As if this makes any difference! And now I am just thinking. What hold does the government (which is only partly made up of his former ruling party) have on his mind. When he believes this. Which basically means that he is calling me, standing right here in front of him, a liar. Because my story demonstrates (proves) that which he is not able to hear. That the Herald writes lies. That half of the government (his party) is only half of the government, and being made up of politicians, they are liars.

It will take quite some time to unravel some alternate realities.

Zanu PF, and the vote

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Tuesday, July 23rd, 2013 by Michael Laban

I think it is pretty much agreed – by the sane and rational, not by those with vested interest – that Zanu PF is unpopular and clinging to power. But to what end?

“To keep the whites out” is a theme I have heard often. And it has some resonance with a lot of people. Land reform was more popular than many will admit, because, even if it meant to many losing food, jobs, houses, health, schools, etc. it was a final nail in the coffin of Rhodesia. Old whites, especially those on farms, in many ways saw the new regime as the old. Life carried on, on the farms. White was the boss, black was the labour. White told black what to do. Lived at a higher standard. In a more comfortable house. Better. In many ways, it was the nature of the business, the farming business. Boss tells labour what to do. Boss makes more. Boss lives better. Just that boss was white, labour was black. And in many ways, land reform was welcomed because it ‘upset’ the traditional way. No one wants to remain labour, underclass, less well off. The fact that land reform was not about to change that, was not about to make labourers bosses and bosses labourers. Was only going to bring new bosses in (of the same race). Labour was going to remain labour and actually be worse off because cheap food was suddenly not available, as well as many other things lost. They (labour) did not know that, and they welcomed the change, and even know they know now, it is still not completely unpopular because it brought a change of/from the old regime that was frustratingly continuing. It is not better, but it is different.

So land reform, to me and my perception, ended white power. White domination of the economy. It ended land and agriculture (dominated by whites) as a an economic force. It pretty much ended the economy as well, but that is a burden we have to bear for change.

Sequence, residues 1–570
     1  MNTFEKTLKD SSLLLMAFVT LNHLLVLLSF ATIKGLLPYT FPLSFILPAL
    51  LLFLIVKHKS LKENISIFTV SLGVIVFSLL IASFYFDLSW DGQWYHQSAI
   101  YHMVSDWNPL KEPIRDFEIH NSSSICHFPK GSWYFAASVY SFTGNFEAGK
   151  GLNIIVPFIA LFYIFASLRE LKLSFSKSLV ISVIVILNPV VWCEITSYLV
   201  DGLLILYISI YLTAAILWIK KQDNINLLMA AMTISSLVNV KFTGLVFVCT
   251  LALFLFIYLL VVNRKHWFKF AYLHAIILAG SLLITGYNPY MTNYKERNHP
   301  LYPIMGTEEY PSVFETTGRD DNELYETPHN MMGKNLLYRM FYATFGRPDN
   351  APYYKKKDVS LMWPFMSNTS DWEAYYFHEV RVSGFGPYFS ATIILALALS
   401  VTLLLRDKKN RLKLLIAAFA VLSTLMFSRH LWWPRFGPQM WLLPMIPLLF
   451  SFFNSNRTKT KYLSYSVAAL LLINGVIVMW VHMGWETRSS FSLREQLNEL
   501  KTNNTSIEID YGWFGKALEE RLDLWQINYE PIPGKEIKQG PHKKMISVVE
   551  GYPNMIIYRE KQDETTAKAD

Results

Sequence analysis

It seems to me then that “keeping the whites out” is not a real reason. The whites, as a force, a power, are dead and gone. However, this is not a good enough reason to stop using that as an excuse. First, as mentioned, it has a resonance with people. They like it. They understand it. Second, it is all Zanu PF have ever done. While it is important to note that they did that well – who else (even if they did not do it alone) has managed to mobilize the masses against an existing regime? A force in power? Certainly not the MDC. They have managed to mobilize themselves to some nice houses, new cars, and other good things, but they defiantly have not managed to mobilize the overthrow of a regime!

So that excuse is used, but moot (good for debate, but not actually valid in reality). A point the population generally does not see, and Zanu PF is thankful for that! It works! Even if it does demonstrate that the ‘reason’ for Zanu PF s over.

So why are they clinging to power? So we can move from a European colony to become a Chinese colony? Look East?

The vested interests want Zanu PF power there. Must have it there.

Money. You can make money. A great deal of it. And Zanu PF have ushered in a big capitalist regime – not socialist by any stretch of anyone’s imagination. Money is all that counts. Private vice equals public virtue (read Adam Smith). Even those who learnt ‘politics’ (rhetorical propaganda) under the Rhodesians cannot call the new regime socialist. In this regime, it is defiantly not what you know, it is who you know, if you want to make money here. Ask Mr Rautenbach. Ask the Chiadzwa diamond field ‘owners’. You can even hunt the Presidential herd!

So Zanu PF connections (or just being ‘inside’) was the way to make money. From the earliest. Ask why Maurice Nyagumbo committed suicide. And today, Zanu PF military! That is the ticket to wealth (and infamy).

And even if you made money, and don’t need to make anymore (yes, we have all been there!), in order to hold on to your money, you cannot allow “regime change”. Who will get hold of the records? And what records? And who will say what? And where anymore can you retire and keep your slightly dirty money ‘safe’? Ask Col. Mengistu.

Then, those with degrees in violence. There are few places safe to retire when you get that diploma. Ask Charles Taylor. And very cleverly, while they had theirs (from Matabeleland up to 2002 elections) they managed to get a new class in and graduated at the 2008 elections. Junior (none higher than Brigadier General), but still, suddenly, with a new vested interest. And therefore an inability to allow things to move on.

Other reasons to keep power? Some agenda to complete? Well, the manifestos are out. What are (any of them) about? One is obviously ‘change’. But change to what? The trough system, or the faces at the trough? Create jobs. Scoff… How?

The other big one? Not change but indigenisation, which is simply race based (“keep the whites out”) method of taking things for those inside. No go back on land reform (keep what ya got). Not much in either about ‘build’. Social justice. Equality. Standards, values, leadership. Health system. Education. Sure it is the details of both, but it is not noticed now, why should we believe it ever will be noticed.

Or acted on.